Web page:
Voting Does Not Work

The greatest tyranny is the tyranny of malicious illusion. Endorsing organized coercion by pretending it is somehow voluntary is not just unconscionable, but downright cruel. Deceitfully passing off vice as virtue is the last thing that truly consistent political dissidents would want to risk doing, lest they be discovered to be just as hypocritical as those they intend to defeat.



In order for a Republic to work, the populace must be competent enough to elect representatives to the legislature. Considering the various statistics and research studies suggesting that the majority of Americans are incompetent buffoons (courtesy of the public fool system), this would indicate such a high level of ineptness to the point that these are exactly the type of fools who would easily be conned into supporting a politician through emotional rhetoric instead of based on rational criteria. Other social science research shows that people who lack expertise in a given subject (in this case, politics) are too incompetent to gauge the quality of whether anyone is qualified for public office. Worse, they are so incompetent to the point that they can’t even accurately estimate the severity of their own ineptness, always overinflating their performance on various tasks.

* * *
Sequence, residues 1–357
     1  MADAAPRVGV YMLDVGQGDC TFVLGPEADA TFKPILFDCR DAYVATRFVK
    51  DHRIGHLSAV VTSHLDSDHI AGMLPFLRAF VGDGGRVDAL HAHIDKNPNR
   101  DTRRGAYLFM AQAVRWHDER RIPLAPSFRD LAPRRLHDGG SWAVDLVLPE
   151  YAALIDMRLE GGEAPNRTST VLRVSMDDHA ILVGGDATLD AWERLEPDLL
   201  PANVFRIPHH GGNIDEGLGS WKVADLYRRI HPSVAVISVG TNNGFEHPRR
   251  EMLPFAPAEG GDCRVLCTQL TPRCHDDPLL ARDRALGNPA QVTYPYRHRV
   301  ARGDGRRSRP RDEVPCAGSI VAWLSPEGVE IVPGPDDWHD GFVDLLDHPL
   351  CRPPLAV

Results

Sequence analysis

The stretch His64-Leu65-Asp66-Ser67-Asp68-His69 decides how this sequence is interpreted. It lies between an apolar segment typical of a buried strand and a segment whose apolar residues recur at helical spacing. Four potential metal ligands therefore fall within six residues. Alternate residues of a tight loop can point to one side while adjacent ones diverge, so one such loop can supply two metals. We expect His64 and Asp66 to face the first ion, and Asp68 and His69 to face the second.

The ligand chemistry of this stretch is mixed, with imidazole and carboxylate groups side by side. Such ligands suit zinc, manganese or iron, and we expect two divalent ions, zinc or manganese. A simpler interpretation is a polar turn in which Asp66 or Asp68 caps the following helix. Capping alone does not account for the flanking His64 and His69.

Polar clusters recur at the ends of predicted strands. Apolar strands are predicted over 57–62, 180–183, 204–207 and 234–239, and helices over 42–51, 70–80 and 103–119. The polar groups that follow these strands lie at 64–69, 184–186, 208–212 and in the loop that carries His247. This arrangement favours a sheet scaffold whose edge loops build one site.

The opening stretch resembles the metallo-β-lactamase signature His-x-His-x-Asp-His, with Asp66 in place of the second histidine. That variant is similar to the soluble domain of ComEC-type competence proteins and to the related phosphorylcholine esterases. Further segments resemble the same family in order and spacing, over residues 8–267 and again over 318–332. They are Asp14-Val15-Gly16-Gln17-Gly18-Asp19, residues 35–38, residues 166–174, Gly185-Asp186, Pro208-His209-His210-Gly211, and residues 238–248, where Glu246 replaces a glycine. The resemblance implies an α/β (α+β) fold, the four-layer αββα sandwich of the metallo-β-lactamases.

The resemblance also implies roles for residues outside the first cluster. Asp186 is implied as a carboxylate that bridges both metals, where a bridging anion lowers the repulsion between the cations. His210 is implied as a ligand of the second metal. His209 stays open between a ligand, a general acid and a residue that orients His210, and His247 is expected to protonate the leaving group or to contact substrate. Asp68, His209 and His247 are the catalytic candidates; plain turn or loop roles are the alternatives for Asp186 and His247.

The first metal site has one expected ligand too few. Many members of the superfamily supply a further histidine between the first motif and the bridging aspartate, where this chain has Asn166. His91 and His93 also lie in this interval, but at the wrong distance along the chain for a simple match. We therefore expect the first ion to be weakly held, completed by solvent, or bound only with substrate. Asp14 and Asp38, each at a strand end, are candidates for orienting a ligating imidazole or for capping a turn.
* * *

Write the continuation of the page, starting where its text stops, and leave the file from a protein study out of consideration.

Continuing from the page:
Another study revealed that political partisans, when presented with objective facts, will twist those in such a manner as to hang on to those facts that support their preconceived notions while conveniently ignoring the rest of them. According to psychiatrist Scott Peck, there exist only a “fortunate few” who are able to successfully avert this self-delusional trap, and thus possess the best chance of being even somewhat objective. I think it is fair to declare at this point that most American voters are an uneducated, slovenly mob instead of being an enlightened, rational citizenry.

Voter fraud is an all too well-known topic, yet for some idiotic reason, many political dissidents still think they can elect their preferred Messianic figure despite this. Ballot results are relatively easy to forge; electronic voting machines just made the fraud that much easier than the traditional paper ballots, which actually required some “creative accounting” skills to pull off. There have been provable incidents where particular agents of the State don’t actually deserve their jobs even according to the government’s own rules; thus, the air of legitimacy (which was already incredibly thin) totally evaporates.

Similar to how congressional aides regularly don’t correctly record which side of a political issue geographical constituents are on in the first place, it’s not that all uncommon for votes to be “misrecorded” either. Regardless of when voting officials actually do record results even halfway accurately, they admittedly keep databases on voting histories (so called “enhanced voter files”) with the explicit intention of profiling voters for the next electoral cycle. Everyone who chooses to vote is getting their individual voter files datamined by both the Democrats and the Republicans.